• 12:29:55

    EDELMANWell, that's been the persistent allegation from quite a few sites. And sometimes they have additional facts that make it look particularly compelling. For example, after Yelp turned down Google's acquisition offer, links to Yelp became much less prominent. It was as if Google said, hey, if you won't sell to us, we'll bury you. We can give you the death penalty, too, or at least something headed very much in that direction. So that's the worry, and that seems to be what the state of Texas is concerned about, as well as, to be sure, the European Commission, which has its own antitrust investigation.

  • 12:30:27

    NNAMDIThis is the first inquiry in the U.S. to look at Google's core search business. The European Union is also investigating whether Google pressures advertisers and manipulates the search results. Can you talk about that?

  • 12:30:40

    EDELMANSure. You know, one thing that the European Commission flagged, as to Google and advertisers, was the question of whether Google, in some way, prevents advertisers from using multiple search engines. There's a tool called the Google AdWords API -- API being a mechanism whereby your program can connect to Google servers. Officially, it's an application programming interface. Well, the rules of using that API are surprisingly restrictive. They say you can use the API, but you can't use the API to copy data out of Google and into Yahoo!, or out of Google and into Bing. And so an advertiser who wants to copy their campaign out of Google and to begin using one of the other search engines also has to do that copying in kind of a convoluted way. It's not as easy as it should be. That raises the cost of using competitor services and makes it that much harder for competitors to get a toehold. Hence, the European concern.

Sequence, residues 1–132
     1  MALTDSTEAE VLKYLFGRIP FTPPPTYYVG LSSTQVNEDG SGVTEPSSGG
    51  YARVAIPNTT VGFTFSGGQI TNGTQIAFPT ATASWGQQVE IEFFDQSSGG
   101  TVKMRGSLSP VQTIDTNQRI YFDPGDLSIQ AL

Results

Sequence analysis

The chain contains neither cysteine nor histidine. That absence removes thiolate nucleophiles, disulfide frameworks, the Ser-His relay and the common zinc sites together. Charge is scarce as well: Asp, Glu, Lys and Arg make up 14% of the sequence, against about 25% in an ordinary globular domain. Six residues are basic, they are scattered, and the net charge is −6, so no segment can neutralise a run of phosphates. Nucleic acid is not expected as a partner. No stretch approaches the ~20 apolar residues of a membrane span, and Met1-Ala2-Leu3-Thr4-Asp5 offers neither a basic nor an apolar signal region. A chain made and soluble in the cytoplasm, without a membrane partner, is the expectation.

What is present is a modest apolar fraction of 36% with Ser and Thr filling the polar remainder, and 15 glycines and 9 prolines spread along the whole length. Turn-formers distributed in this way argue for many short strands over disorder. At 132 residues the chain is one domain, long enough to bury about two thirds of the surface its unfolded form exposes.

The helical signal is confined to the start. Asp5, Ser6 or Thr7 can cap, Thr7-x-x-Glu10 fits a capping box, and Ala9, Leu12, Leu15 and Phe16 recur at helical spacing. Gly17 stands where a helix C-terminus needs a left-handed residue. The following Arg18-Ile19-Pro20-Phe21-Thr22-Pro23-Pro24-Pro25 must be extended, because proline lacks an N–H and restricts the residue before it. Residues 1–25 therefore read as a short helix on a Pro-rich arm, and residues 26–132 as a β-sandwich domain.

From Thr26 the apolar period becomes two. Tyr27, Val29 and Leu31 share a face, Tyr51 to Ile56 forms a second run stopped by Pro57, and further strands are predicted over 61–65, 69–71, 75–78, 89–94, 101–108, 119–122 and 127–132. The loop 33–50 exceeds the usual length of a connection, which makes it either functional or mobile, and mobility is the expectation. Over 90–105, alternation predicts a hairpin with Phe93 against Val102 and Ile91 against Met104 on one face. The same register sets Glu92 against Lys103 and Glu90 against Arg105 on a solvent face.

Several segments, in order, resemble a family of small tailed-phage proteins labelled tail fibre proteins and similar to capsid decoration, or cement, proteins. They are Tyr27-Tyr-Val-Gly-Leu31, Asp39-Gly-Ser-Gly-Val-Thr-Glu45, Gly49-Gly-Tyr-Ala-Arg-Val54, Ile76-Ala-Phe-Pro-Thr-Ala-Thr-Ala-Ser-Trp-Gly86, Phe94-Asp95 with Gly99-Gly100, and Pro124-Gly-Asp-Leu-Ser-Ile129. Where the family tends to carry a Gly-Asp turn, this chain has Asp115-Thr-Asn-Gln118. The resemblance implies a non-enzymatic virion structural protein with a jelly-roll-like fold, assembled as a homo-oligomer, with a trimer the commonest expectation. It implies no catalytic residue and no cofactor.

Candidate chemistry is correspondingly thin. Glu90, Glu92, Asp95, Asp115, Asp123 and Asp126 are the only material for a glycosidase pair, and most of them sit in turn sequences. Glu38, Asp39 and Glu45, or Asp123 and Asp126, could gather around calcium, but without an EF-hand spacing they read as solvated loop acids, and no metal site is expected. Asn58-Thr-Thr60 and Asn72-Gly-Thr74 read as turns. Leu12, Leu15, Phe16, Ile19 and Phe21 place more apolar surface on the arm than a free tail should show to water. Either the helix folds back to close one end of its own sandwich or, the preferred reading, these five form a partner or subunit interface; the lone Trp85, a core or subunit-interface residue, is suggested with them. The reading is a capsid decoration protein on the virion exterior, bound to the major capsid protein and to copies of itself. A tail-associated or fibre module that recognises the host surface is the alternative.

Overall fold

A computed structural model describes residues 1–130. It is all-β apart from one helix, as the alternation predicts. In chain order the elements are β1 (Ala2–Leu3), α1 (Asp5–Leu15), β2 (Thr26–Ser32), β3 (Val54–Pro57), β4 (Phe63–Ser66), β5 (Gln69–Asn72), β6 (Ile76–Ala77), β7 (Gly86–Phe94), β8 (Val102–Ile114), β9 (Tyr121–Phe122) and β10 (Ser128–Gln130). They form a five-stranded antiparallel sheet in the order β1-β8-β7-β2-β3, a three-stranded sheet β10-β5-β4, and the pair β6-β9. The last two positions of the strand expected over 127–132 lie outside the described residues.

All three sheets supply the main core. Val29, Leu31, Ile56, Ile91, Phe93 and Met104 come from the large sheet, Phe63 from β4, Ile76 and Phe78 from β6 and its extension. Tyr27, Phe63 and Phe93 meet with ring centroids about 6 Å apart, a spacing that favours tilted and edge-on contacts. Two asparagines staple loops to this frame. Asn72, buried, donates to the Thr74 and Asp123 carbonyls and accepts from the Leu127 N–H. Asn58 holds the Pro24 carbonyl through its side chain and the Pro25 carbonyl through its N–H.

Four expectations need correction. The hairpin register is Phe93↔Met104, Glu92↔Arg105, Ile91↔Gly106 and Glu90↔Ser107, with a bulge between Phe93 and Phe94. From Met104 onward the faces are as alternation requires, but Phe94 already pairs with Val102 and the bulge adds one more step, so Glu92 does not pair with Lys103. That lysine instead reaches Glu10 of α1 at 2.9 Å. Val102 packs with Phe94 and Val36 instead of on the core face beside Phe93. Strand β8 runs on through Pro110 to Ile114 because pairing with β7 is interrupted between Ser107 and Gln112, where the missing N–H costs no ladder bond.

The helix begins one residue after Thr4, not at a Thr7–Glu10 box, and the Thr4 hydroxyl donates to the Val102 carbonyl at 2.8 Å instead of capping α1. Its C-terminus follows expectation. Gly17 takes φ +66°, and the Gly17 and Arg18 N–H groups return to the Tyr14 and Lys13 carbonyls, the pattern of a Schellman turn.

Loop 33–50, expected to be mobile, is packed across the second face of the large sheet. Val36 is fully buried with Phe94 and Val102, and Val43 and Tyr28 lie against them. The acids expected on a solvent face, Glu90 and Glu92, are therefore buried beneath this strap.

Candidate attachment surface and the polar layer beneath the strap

• 12:31:34

    NNAMDIVanessa Fox, search neutrality is a term that comes into being, or that has come into being, because of this question, because of this issue, has it not? What is search neutrality?

  • 12:31:46

    FOXWell, so having worked on the organic side of search at Google before, I can say that this is a very important issue on the organic search side and, I'm sure, of all the search engines. And that is what happens on the advertising side has no impact at all on the organic side. Right. And so they try to keep those completely separate so that you wouldn't have...

  • 12:32:07

    NNAMDILike the firewall that newspapers talk about having.

  • 12:32:11